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Everything You Need to Know About Headache Specialists

Medically Reviewed by Melinda Ratini, DO, MS on January 11, 2021

Many of us get headaches once in a while. They often go away on their own or with a couple of pain relievers. But some people get them often or for a long time or feel a lot of pain -- and nothing seems to work. If you’re one of them, it may be worthwhile to see a headache specialist.

Why a Specialist?

Sometimes, home remedies and recommendations from your regular doctor may not be enough to relieve your headaches. You may want to consider seeing someone with extra expertise if you:

  • Have headaches so bad that they interfere with your job, school, or family life
  • Take aspirin, ibuprofen, acetaminophen, and other over-the-counter meds often
  • Notice your headaches are getting worse
  • Worry that you take too much medication
  • Have gone to the ER because of your headache
  • Had more than 15 headaches in the past month

Types of Experts

The only doctors who can legally call themselves headache specialists are those certified in headache medicine from the United Council for Neurologic Subspecialties. But this group is relatively small. Even without the certification, several types of doctors can have extra training in treating headaches. Some of them may have finished fellowships in headache medicine.

Neurologists

These are specialists who treat disorders of the brain and nervous system. They may even have further training in headaches and should be considered if headaches and migraines are severe or disabling or you're experiencing confusion or seizures.

Test they may order include:
MRI. The scan can be used to get detailed images of the brain and its blood vessels. It would help show tumors, abnormalities, bleeding, infection and other brain or nervous system problems.
CT Scan. A CT scan will show cross sections of your brain which could help identify tumors, infections, injuries, bleeding or other issues which could be triggering the headaches.
EEG. An electroencephalogram will measure brain waves to see if they are functioning properly or are being disrupted.

 

Neurosurgeons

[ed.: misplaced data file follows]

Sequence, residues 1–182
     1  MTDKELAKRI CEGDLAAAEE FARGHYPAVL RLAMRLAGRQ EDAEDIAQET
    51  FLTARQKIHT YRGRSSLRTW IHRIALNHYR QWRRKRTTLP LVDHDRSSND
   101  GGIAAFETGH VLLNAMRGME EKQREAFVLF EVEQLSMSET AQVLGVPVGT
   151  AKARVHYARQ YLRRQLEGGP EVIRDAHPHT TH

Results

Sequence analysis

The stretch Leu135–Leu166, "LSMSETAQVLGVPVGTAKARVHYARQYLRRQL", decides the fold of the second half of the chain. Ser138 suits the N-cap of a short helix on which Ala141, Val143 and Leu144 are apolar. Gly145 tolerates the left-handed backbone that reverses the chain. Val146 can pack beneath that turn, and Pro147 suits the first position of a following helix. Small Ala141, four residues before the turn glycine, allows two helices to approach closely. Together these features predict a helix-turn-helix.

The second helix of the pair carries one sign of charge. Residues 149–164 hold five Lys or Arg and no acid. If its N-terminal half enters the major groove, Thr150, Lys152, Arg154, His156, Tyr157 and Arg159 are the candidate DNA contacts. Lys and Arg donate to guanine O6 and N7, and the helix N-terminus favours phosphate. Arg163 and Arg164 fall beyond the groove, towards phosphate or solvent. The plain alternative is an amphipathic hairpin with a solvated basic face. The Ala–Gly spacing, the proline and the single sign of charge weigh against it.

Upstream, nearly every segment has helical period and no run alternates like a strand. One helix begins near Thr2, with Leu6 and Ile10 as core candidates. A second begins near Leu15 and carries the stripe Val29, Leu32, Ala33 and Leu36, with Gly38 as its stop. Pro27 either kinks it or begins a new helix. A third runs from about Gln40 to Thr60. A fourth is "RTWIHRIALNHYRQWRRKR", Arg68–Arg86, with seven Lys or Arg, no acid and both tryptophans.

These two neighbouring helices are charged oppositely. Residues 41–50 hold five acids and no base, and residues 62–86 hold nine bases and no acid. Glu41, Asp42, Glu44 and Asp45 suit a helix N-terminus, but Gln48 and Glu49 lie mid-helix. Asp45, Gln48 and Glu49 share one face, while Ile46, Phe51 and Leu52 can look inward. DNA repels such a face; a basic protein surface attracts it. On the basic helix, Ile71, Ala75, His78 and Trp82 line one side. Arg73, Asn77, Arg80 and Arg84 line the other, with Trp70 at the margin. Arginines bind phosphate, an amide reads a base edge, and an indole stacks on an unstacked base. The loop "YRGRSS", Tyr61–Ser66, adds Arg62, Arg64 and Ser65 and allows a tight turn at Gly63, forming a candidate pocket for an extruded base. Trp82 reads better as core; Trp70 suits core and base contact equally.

They’re experts on disorders in the brain, nerves, and spinal cord. Headaches involve both your brain and your nervous system, so neurosurgeons may be consulted if headaches and migraines do not respond to medical treatment. 

For one thing, neurosurgeons can do surgical procedures that your family doctor or internist can’t. You usually would have an operation only if medications have failed to help. Neurosurgeons can do:

Deep brain stimulation. Wires (electrodes) inserted inside your brain relay electrical pulses to target stubborn pain.

Peripheral nerve stimulation. Electrodes placed on your nerves or under your skin in the area where you’re in pain.

 

 

Ear, Nose, and Throat Doctors

If your headache is related to sinus issues, ENTs, aka otolaryngologists, may be worthwhile to consult. Some migraines can cause ringing in your ears or sinus pressure. A type of migraine called vestibular migraine can make you dizzy. This sort of vertigo can stem from problems in your inner ear.

An ENT doctor may help you find out the cause of your headaches.

 

Eye Doctors

Ophthalmologists may help with a serious condition called ocular migraines. About 1 in 4 people with migraine get auras, which can affect your vision. Another type, called retinal migraines, can leave you temporarily blinded. An eye doctor can help prevent damage to your vision and look for underlying issues.

 

OB/GYNs

Obstetricians and gynecologists focus on pregnancy, childbirth, and other women’s reproductive health issues. Women get migraines three times as often as men do. Sometimes, they can stem from changes in estrogen and other hormone levels during menstrual cycles or pregnancies.

For menstrual migraines, your doctor may prescribe a triptan, a class of drugs that prevent a migraine or stop one that’s already started.

 

Other Clinicians

The pool of doctors with deep experience and expertise in migraines and headaches is far outsized by the number of people with severe cases. To help plug the shortage, the National Headache Foundation revived its program to recognize all types of clinicians for their abilities in treating the condition.

The foundation’s Certificate for Added Qualifications in Headache Medicine exam is given to MDs, DOs, (osteopathic doctors) and:

  • Advanced nurse practitioners
  • Physician assistants
  • Dentists
  • Clinical psychologists

How to Find a Specialist

Visit the American Migraine Foundation or the National Headache Foundation websites to search for a certified headache specialist near you. The Migraine Research Foundation lists headache specialists in every state.

WebMD Medical Reference

Sources

SOURCES:

The Migraine Trust: “Headache.”

American Migraine Foundation: “What Is a Headache Specialist? Do I Need One? And How Do I Find One?”  “Migraine in the Ear, Nose and Throat Clinic,” “Understanding Ocular Migraine,” “Menstrual Migraine.”

University of Rochester Medical Center Neurology: “Conditions We Treat.”

University of Utah Health: “What Is a Neurologist?”

UCLA Health: “Headaches.”

Mayo Clinic: “Chronic Daily Headaches.”

The American Academy of Family Physicians: “Family Physicians Can Help Their Migraine Patients Find Relief.”

Migraine Research Foundation: “Migraine Is a Women’s Health Issue.”

National Headache Foundation: “Certification of Added Qualification in Headache Medicine – Why Now?”

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